NEW YORK (TheStreet) -- U.S. equities closed near session highs with the S&P 500 climbing 0.43%.
Brian Kelly, founder of Brian Kelly Capital, said big companies like Coca-Cola need to make deals like this in order to obtain growth. He questioned if PepsiCo (PEP) is the next to make a similar move with a different company.
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Tim Seymour, managing partner of Triogem Asset Management, pointed out that PepsiCo has been aggressive in its snack business and in emerging markets. He called this a “very smart deal” for Coca-Cola, which has a superb distribution network.
Guy Adami, managing director of stockmonster.com, suggested that PepsiCo may not feel obligated to make a similar move as Coca-Cola, since its snack business is doing so well.
Karen Finerman, president of Metropolitan Capital Advisors, said Coca-Cola has the right to nominate two board members for Monster Beverage, which may or may not lead to a larger stake in the future.
CNBC’s John Jannarone noted that back in April he said a deal between Coca-Cola and Monster Beverage made sense. The deal is logical for Coca-Cola, as it will provide some much needed growth amid declining soda volume. The deal is constructive for Monster Beverage, because it will help with product distribution. Coca-Cola’s stake has the possibility to lead to a larger stake or a complete takeover in the future.
Nik Modi, managing director at RBC Capital Markets, has a buy rating both Monster Beverage and Coca-Cola. He said Coca-Cola appears to be testing the water with its stake in Monster beverage, and may acquire more of the company if the products perform well in other market. The only other energy drink company it would make sense for PepsiCo to get involved with is Red Bull, which likely isn’t for sale.
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On J.C. Penney (JCP), Finerman said the stock is “not in the death spiral anymore, so that’s a good thing.” The company is improving the balance sheet, but the valuation is still not attractive since investors are pricing in a lot of good news. Kelly said he “wasn’t in a rush” to buy shares of J.C. Penney just because the company didn’t do as bad as investors had expected.
Seymour saw some value in shares of JCP, pointing out that sentiment can change very quickly in stocks where there are a lot of short-sellers.
Finerman said the share buyback plan at Nordstrom (JWN) is likely improving the company’s forward guidance. She is still a buyer of Macy’s (M). Adami is also a buyer of Macy’s near current levels, and said investors could buy Nordstrom around $63.50 or $64.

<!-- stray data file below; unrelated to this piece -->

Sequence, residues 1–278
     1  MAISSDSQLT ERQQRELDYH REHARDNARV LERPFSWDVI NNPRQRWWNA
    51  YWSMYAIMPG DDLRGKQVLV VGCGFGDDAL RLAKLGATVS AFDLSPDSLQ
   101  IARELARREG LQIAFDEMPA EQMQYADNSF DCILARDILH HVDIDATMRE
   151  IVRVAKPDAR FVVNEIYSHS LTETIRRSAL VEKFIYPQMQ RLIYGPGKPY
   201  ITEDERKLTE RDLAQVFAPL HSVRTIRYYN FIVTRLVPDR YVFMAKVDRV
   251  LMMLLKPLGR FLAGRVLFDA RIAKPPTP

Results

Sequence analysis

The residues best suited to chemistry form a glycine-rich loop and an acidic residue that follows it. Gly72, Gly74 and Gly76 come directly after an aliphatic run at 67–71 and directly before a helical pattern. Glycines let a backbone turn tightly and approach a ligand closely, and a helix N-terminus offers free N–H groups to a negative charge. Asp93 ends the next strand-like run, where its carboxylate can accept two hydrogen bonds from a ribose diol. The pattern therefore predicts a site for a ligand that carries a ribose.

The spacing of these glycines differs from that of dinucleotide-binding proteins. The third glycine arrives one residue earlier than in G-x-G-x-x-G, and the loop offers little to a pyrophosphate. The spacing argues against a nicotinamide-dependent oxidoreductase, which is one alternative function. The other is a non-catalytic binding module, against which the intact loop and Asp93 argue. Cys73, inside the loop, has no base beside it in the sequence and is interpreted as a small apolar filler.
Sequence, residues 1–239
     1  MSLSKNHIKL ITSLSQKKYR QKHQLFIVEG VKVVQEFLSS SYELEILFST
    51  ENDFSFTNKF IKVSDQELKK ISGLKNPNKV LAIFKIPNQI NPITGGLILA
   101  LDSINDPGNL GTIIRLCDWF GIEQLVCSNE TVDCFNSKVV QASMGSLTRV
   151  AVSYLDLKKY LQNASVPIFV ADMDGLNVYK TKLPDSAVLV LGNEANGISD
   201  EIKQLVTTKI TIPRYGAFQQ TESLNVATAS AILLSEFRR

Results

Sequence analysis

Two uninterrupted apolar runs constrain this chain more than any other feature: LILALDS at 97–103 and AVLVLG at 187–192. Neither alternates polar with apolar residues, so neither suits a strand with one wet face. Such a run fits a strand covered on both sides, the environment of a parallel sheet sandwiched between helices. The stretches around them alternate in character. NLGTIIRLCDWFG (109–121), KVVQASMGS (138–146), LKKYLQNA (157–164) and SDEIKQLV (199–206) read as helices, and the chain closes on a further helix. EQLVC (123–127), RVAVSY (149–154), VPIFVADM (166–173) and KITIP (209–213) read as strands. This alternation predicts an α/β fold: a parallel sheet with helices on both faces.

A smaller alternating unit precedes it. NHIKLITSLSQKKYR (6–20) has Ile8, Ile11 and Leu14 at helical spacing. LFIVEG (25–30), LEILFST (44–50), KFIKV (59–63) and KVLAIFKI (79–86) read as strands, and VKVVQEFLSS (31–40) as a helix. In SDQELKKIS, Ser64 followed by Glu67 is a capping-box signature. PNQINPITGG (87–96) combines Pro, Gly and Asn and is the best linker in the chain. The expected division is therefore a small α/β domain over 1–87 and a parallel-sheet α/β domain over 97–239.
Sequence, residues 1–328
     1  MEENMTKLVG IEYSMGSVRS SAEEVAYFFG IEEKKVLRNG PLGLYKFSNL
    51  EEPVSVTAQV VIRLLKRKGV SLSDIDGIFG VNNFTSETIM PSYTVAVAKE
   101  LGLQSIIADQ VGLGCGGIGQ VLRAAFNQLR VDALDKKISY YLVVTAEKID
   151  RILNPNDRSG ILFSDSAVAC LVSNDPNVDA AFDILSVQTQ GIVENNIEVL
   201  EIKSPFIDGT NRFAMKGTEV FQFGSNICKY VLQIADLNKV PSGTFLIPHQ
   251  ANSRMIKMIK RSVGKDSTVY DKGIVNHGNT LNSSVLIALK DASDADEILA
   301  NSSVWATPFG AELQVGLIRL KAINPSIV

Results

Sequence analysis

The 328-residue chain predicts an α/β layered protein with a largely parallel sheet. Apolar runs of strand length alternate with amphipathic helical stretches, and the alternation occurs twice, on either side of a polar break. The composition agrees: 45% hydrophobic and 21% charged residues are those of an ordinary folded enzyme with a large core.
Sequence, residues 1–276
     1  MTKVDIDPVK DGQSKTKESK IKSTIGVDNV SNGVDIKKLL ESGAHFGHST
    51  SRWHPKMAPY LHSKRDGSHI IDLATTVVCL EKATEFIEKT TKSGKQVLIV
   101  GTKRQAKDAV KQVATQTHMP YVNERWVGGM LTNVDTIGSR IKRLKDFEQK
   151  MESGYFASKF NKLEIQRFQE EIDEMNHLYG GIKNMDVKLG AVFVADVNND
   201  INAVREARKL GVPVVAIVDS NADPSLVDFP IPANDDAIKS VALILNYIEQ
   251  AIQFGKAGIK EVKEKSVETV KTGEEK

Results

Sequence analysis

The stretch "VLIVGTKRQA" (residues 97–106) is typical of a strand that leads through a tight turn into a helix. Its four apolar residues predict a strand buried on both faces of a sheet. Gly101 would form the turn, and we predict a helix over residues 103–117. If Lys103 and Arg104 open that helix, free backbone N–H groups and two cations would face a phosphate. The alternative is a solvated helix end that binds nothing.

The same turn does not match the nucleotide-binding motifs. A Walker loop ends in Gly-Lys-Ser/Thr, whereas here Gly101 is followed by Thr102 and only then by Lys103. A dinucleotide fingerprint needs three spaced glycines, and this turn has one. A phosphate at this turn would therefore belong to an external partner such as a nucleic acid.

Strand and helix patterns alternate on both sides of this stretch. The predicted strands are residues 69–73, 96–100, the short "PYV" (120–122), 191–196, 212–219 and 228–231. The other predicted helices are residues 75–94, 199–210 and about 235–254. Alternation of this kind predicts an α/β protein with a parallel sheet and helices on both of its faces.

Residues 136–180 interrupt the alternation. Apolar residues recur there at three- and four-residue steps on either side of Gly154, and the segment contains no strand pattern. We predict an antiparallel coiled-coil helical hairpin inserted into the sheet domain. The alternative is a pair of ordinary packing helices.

Seymour called General Motors (GM) a long-term investment that has some short-term headwinds. He is long the stock and finds its valuation attractive.
Seymour remains positive on the global economy, saying Germany’s drop in GDP should be relatively short-lived.
Kelly suggested that there are “pockets” within the U.S. economy that will do well, regardless of what’s going on in Europe. Adami is a buyer of U.S. Treasury bonds.
Kelly said he is selling short Brent crude oil and he “plans to be in this one for a while.” He sold the December futures contracts. He also suggested investors could sell short the Canadian dollar and/or the iShares MSCI Canada ETF (EWC) because of its dependency on oil prices.
Seymour said a short position in the Canadian dollar or the CurrencyShares Canadian Dollar Trust ETF (FXC) is one of the best ways to play a long U.S. dollar position.
Kelly told investors not to bet against hedge fund manager Carl Icahn, who has a new position in Gannett (GCI). However, he said investors who want to buy the stock should wait for a pullback.
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Paul Hickey, co-founder of Bespoke Investment Group, said when the most heavily shorted stocks decline, it’s usually because investors are feeling “risk-averse.” He said SunEdison (SUNE) and Conversant (CNVR) could be two stocks that are ripe for a short-squeeze. He added that the last time the S&P 1500 had this high of a short-interest was in November 2012 before equities had a strong rally.
Adami said sometimes short-squeeze trades work and sometimes they don’t. However, those investors looking for a short squeeze can try GameStop (GME) on the long side.
Cisco Systems (CSCO) fell 3% and was the first stock on the show’s “Pops & Drops” segment. Adami said the price action suggests the stock could be headed lower. He is a buyer near $22.50.
E-Commerce China DangDang (DANG) dropped 11%. Seymour is long the stock but said investors should wait for a deeper pullback before considering the stock on the long side.
Plug Power (PLUG) jumped 4%. Kelly said alternative energy stocks are doing well and he would stay long this stock.
Rackspace Hosting (RAX) popped 4%. Finerman said Dan Loeb’s investment in the company is likely the cause behind the move.
Kevin O’Leary, co-host of the Shark Tank TV show, discussed dividend stocks, saying 73% of the S&P 500’s return over the previous 40 years are from dividends, not capital appreciation. Stocks like McKesson (MCK), Union Pacific (UNP), EMC (EMC), Halliburton (HAL) and Comcast (CMCSA) all have growing free-cash flows -- one of the most important metrics to observe as an investor -- and will likely grow their dividend payouts over time, he reasoned.
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For their final trades, Seymour is a seller of the CurrencyShares Canadian Dollar Trust ETF and Kelly is a buyer of the iShares MSCI Brazil Capped ETF (EWZ). Finerman is a buyer of Macy’s and Adami is buying the iShares 20+ Year Treasury Bond ETF (TLT).
-- Written by Bret Kenwell in Petoskey, Mich.